In the years leading up to WWII, as tensions mounted across the globe, the legacy of the Pan Am Clipper Brigade had captured the hearts of aviation enthusiasts the world over. These new planes changed American aviation and sparked transoceanic travel. But their existence – and their subsequent disappearances – have mystified historians for decades.
Once such a mystery is the disappearance of the Hawaii Clipper, an airliner that went missing in 1938 on a trans-Pacific voyage from San Francisco, California, to Manila, the Philippines. Seven decades later, Snopes readers sent our team the following text, which some said they received in a chain of emails:
POSTSCRIPT: Prior to WWII, the Japanese military was very interested in the new Pratt & Whitney radial engines that powered the PanAm Clipper. On a flight from San Francisco to China, a Clipper landed on Truk Lagoon to be refueled by Japanese authorities. The Clipper was later presumed lost over the Pacific. Years later, it was revealed that the crew and passengers were arrested and executed, the engines were recovered and sent to Japan, and the Clipper was sunk in the truck’s deep water. [sic] Lagoon.”
The above copy originally appeared in an August 5, 2020 3DB blog post written by Robert Novell, a former commercial pilot and aviation enthusiast.
Snopes spoke to Russ Matthews, president of the aviation and marine history nonprofit Air / Sea Heritage Foundation, who said the above claim is almost certainly a reference to the Hawaii Clipper, a Martin M-130 that went missing on the Guam-Manila part of a trans-Pacific crossing in July 1938. Matthews added that there are many conspiracy theories about the disappearance, but virtually no evidence for them. back up.
âThe P&W R-1830 engine had been in production for over five years [at this point]”Matthews said.” If the Japanese wanted to study an example, they could – and most likely did – just buy one. ”
Indeed, a simple Google search confirmed that the Japanese had purchased at least 21 samples of the Douglas Company’s DC-3 aircraft, which were powered by P&W R-1830 engines. The first deliveries took place in December 1937, seven months before the disappearance of the Hawaii Clipper. In February 1938, Japanese manufacturer Mitsui purchased the production rights and technical data for the DC-3, according to the DC-3 / Dakota Historical Society, and eventually built its own version of the DC-3 dubbed the L2D2 “Tabby” .
If Japan had access to both the aircraft examples and construction plans, Matthews argues that it seems implausible that the country risked war with the United States more than three years before the Pearl attack. Harbor.
The Delta Flight Museum notes that Pan American World Airways, what would become Pan Am, was at the forefront of international aviation in the 1920s and, by the 1950s, provided “round the world” service. The Martin M-130 Clipper fleet, billed as “flying boats” for their ability to land and take off from water, was designed for the 3,500-mile voyage of the Trans-Pacific Voyage to establish new possibilities for commercial aviation and communication by mail.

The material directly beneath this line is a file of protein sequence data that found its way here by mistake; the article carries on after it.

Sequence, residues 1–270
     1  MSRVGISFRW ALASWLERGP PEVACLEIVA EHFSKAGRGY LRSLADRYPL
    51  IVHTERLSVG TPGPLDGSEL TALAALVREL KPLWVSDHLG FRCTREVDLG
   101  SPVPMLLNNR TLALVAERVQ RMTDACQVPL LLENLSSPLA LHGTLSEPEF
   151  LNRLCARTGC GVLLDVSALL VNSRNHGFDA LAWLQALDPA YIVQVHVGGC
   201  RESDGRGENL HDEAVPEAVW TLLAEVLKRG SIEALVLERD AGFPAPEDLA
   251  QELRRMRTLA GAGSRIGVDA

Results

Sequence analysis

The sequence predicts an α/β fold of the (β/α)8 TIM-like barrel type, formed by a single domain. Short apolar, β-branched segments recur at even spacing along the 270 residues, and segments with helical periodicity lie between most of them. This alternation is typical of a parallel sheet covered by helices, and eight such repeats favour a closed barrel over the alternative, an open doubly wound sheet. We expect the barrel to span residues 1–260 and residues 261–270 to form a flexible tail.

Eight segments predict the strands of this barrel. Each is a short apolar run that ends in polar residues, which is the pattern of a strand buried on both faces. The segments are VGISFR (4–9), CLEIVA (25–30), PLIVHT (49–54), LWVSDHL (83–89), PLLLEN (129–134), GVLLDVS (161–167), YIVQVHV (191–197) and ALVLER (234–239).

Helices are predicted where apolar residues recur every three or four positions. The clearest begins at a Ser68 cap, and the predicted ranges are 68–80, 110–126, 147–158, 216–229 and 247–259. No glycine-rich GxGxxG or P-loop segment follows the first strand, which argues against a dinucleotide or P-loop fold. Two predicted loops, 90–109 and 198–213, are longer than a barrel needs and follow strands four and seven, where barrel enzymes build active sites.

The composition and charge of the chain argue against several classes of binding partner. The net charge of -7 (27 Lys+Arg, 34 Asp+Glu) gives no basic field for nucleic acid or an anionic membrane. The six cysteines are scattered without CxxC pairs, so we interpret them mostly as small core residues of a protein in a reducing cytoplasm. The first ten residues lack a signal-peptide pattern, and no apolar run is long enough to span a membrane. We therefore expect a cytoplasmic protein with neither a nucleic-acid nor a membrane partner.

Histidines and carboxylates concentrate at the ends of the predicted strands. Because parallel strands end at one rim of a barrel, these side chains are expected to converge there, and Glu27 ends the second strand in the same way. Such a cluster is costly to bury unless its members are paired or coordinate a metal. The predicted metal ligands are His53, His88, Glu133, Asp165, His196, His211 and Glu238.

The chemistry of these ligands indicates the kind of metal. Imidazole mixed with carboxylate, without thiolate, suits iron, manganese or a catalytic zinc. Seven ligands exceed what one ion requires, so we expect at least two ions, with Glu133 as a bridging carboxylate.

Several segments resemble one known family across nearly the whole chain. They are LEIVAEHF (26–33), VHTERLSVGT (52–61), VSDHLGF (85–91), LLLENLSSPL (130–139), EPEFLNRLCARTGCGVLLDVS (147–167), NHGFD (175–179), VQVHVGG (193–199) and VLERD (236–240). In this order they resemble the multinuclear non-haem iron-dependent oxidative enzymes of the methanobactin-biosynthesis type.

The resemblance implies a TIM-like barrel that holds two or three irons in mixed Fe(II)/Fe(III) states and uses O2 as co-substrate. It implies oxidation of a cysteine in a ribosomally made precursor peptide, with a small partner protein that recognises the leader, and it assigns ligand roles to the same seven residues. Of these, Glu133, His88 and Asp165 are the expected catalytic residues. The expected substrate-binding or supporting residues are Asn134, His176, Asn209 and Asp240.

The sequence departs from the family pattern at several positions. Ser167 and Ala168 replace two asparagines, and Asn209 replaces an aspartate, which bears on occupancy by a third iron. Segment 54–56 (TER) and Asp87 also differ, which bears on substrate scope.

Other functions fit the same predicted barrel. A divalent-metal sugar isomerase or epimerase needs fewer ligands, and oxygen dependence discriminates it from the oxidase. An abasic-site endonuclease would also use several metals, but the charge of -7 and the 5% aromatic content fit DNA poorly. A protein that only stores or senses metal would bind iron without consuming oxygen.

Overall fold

The Hawaii Clipper left San Francisco Bay for Manila, requiring 60 hours over six days, with refueling stops at Pearl Harbor, Midway Atoll, Wake Island and Guam. But after leaving Guam on July 28, 1938, shortly before noon local time, he mysteriously disappeared. At the time of its last contact, the plane reported flying through layers of cloud and moderately choppy air more than 500 miles from the Philippine coast, the Associated Press reported at the time.
The plane’s flight radio officer, William McCarty, typed out a message, ‘Waiting a minute, I’m having trouble with the static rain,’ the Pan Am Historical Foundation wrote. âA minute later, when questioned by the airline’s ground radio operator, there was no response from the mower. There never would be. The plane had disappeared.
The Hawaii Clipper was not the first – nor the last – to be lost. Six months earlier, the Samoan Clipper had gone missing after losing radio contact off today’s American Samoa. In the years that followed, the crash of the Philippine Clipper resulted in the deaths of 19 people in 1943. Two years later, the China Clipper crashed, killing all 23 people on board.
81 years later: the search for the Samoan clipper | Nautilus Live. July 14, 2019, https://nautiluslive.org/blog/2019/07/14/81-years-later-search-samoan-clipper.
Douglas DC3, Dakota, C47, R4D, DC1, DC2 A / C Capt Allen Campbell. http://www.dc3history.org/douglasdc3.html. Accessed November 5, 2021.
Geoghegan, John J. âVanished! : What happened to the Hawaii Clipper? ” HistoryNet, June 22, 2017, https://www.historynet.com/vanished-happened-hawaii-clipper.htm.
Mystery always with us. https://www.panam.org/explorations/401-mystery-still-with-us-2. Accessed November 5, 2021. https://www.panam.org/explorations/401-mystery-still-with-us-2. Accessed November 5, 2021.
Pan Am. https://www.deltamuseum.org/exhibits/delta-history/family-tree/pan-am. Accessed November 5, 2021.
Pan Am spans the Pacific | National Air and Space Museum. https://airandspace.si.edu/exhibitions/hawaii-by-air/online/pan-am-clippers/pan-am-spans-the-pacific.cfm. Accessed November 5, 2021.
Warship: A Heroic Tale. https://www.panam.org/war-years/654-war-boat. Accessed November 5, 2021.
Return machine. https://web.archive.org/web/*/https:/www.robertnovell.com/6667-2/. Accessed November 5, 2021.
White, Conan. “The Axis Dakotas of World War II.” ONLINE WAR HISTORY, April 1, 2019, https://www.warhistoryonline.com/instant-articles/the-axis-dakotas.html.